Taking as its inspiration Lorca’s 1928 play Amor de Don Perlimplín con Belisa en su jardín, Edward Lambert’s The Cloak and Dagger Affair is a curious portrait of a very odd marriage. The aged Don Perlimplín has just taken on the sizzlingly erotic young Belisa as a wife; she has already been unfaithful, but her infatuated elderly husband claims not to care. Her rising passion for a mysterious stranger, seen in the garden in a red cloak, seems to sexually excite them both, as well as Don Perlimplín’s bodyguard Marcolfo. As night draws on, and Belisa’s lust waxes to overwhelming proportions, Don Perlimplín himself dons the red cloak and – stabs himself, dying in Belisa’s arms. Why?
In the Lorca, Don Perlimplín disguises himself as the red-cloaked lover, enticing Belisa’s affection only to break her heart, but with the aim of initiating that callous little organ into a new seriousness and sensitivity. In The Cloak and Dagger Affair, the subtle changes made to the Lorca rather preclude this idea: Don Perlimplín seems confused, either jealous of his own creation, or so jealous of a mysterious stranger that he dresses up as him and kills himself to punish said mysterious stranger… I couldn’t quite get my head around it. The plot, ultimately, left me at a loss in this adaptation.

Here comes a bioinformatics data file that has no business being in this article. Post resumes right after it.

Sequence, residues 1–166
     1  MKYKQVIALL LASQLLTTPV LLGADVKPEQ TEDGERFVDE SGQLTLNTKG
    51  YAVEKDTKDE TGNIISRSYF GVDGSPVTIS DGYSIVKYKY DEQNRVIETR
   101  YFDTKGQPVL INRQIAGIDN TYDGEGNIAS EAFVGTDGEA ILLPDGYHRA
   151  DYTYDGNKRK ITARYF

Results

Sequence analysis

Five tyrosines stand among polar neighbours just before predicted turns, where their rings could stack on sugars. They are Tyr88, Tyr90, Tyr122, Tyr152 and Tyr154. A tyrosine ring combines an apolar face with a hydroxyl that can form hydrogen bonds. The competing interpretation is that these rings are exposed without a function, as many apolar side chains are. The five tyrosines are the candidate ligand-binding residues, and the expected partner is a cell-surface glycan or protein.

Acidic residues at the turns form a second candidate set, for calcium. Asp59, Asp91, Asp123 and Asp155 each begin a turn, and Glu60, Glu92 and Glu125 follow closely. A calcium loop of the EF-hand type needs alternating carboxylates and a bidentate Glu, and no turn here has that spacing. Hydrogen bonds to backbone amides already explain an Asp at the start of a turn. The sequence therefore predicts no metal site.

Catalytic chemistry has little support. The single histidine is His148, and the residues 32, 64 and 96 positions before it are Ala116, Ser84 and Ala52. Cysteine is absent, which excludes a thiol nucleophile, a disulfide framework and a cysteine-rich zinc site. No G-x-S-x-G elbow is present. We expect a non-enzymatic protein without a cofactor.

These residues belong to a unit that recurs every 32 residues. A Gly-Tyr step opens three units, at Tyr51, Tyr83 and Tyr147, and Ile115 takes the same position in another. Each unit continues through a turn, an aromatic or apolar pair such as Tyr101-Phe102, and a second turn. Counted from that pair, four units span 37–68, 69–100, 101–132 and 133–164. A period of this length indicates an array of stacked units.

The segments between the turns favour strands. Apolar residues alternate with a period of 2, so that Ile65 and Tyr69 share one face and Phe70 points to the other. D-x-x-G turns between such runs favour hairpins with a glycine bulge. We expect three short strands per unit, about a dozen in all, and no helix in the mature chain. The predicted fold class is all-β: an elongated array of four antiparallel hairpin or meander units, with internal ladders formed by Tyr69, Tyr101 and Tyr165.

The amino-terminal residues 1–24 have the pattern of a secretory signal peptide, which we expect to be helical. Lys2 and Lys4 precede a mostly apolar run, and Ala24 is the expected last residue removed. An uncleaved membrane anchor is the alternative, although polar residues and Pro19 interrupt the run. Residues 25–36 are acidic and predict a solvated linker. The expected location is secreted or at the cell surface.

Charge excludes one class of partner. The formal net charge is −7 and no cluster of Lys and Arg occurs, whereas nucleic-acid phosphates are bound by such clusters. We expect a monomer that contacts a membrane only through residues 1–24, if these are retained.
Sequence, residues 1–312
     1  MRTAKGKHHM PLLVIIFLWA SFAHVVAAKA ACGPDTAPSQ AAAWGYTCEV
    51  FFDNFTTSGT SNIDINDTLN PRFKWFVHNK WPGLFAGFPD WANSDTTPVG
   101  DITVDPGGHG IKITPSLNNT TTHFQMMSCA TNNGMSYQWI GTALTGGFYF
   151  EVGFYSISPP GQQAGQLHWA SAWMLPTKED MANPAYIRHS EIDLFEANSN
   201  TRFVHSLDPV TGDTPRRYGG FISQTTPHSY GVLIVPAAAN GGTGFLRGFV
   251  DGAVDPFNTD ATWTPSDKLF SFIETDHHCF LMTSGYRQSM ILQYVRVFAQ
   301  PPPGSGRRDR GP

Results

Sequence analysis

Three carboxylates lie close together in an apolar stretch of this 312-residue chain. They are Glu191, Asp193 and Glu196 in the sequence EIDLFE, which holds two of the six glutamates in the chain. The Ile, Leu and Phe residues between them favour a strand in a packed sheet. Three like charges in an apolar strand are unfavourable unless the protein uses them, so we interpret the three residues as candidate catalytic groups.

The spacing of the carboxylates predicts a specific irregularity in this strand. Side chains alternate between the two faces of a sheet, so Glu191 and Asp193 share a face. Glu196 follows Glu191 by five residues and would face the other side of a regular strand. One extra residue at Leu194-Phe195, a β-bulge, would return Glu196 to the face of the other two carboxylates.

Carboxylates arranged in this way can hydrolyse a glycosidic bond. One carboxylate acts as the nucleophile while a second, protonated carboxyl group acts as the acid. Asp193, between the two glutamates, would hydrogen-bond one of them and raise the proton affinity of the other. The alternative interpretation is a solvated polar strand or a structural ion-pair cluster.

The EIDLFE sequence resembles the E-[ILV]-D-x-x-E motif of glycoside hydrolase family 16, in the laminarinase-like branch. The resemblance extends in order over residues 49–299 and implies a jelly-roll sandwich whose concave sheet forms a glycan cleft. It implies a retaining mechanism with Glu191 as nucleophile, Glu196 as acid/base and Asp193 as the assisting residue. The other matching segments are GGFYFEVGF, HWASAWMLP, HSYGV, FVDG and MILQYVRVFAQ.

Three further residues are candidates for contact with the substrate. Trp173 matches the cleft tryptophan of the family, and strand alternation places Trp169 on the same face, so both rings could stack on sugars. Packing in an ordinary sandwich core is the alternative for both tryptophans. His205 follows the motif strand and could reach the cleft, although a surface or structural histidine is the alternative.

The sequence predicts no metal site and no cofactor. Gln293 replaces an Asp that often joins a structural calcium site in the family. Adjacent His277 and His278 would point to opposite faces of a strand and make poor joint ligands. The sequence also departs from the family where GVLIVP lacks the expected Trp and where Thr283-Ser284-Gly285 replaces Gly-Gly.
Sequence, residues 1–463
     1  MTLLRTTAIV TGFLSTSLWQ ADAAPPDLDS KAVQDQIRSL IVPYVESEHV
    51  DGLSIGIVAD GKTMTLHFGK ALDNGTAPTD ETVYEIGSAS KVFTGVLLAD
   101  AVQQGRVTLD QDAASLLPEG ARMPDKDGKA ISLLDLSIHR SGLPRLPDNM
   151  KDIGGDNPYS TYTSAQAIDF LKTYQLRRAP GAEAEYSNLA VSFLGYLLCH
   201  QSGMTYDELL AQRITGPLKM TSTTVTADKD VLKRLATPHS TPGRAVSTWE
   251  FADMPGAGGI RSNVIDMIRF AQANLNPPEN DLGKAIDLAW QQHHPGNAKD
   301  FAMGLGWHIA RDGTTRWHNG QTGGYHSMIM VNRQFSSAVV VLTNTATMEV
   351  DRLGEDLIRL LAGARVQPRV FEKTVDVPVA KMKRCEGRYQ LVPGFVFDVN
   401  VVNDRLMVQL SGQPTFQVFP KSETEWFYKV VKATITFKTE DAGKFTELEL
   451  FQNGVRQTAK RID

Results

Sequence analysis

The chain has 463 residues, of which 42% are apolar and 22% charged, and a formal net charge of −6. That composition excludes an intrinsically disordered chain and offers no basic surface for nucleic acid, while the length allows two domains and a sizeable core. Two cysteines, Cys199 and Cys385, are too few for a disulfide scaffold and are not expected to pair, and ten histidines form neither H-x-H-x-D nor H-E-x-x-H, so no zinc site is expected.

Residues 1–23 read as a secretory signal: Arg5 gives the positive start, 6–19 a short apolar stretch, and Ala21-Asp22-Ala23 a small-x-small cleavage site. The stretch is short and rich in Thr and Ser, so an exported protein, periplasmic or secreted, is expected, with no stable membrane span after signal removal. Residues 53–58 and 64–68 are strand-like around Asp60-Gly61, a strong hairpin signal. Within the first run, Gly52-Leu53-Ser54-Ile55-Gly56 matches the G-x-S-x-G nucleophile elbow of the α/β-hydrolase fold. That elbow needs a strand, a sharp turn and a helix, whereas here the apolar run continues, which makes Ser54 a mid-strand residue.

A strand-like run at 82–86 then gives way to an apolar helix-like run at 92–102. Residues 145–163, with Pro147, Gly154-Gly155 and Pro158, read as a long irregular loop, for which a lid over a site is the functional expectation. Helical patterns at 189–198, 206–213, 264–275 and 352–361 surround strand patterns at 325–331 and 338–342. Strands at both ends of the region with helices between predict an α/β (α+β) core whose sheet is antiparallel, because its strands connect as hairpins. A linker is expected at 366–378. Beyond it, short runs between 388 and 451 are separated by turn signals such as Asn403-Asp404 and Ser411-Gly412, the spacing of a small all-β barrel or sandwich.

That said, there are several successful things about this opera. The first is Edward Lambert’s beautiful melodic writing, with some particularly rapturous trios. Inspired by Lorca’s use of eighteenth century music in his original, Lambert translates the play into a bel canto opera, including three lyrical erotic songs in Spanish. The artificiality of bel canto certainly fits the sultry, deliberately posturing tone of the piece: Belisa and Don Perlimplín are each, in their own way, exhibitionists. The evocation of sensuality is also successful, both through the score and in powerful central performances from Fleur de Bray as Belisa and Andrew Greenan as Don Perlimplín: their characters ripple with erotic charge, while Kate Howden’s well-rounded security guard Marcolfo also seems to be getting in on the action (again, I was just completely stumped as to why). De Bray and Greenan bring tension and poise to the stage, singing with lyricism and lustrous tone, while Howden’s mezzo is a treat in itself. Almost all the action is focused, as you might expect, on a large double bed, the main feature of director Jaered Glavin’s set, to a piano accompaniment played gracefully by the composer, conducted by Thomas Payne. We occasionally get some additional, castanet-like percussion from the company, but it detracts from rather than adds to the score.
Last year’s offering from The Music Troupe was an excoriating, exhilaratingly futuristic vision of gender dynamics at war (my review here): this year’s, by contrast, is a historical exploration of a very murky, weird marriage, suffused with academic detail and constructed to sound deliberately archaic in opera terms (Lambert introduced it, rather charmingly, as “music that went out of fashion some two hundred years ago”). While the music offers much in the way of loveliness, and it’s an entertaining listen, the opaqueness of the narrative leaves the ending perplexing, rather than profound. Ultimately, despite a talented cast, this piece doesn’t make enough sense on stage, and consequently lacks the punch of its predecessor.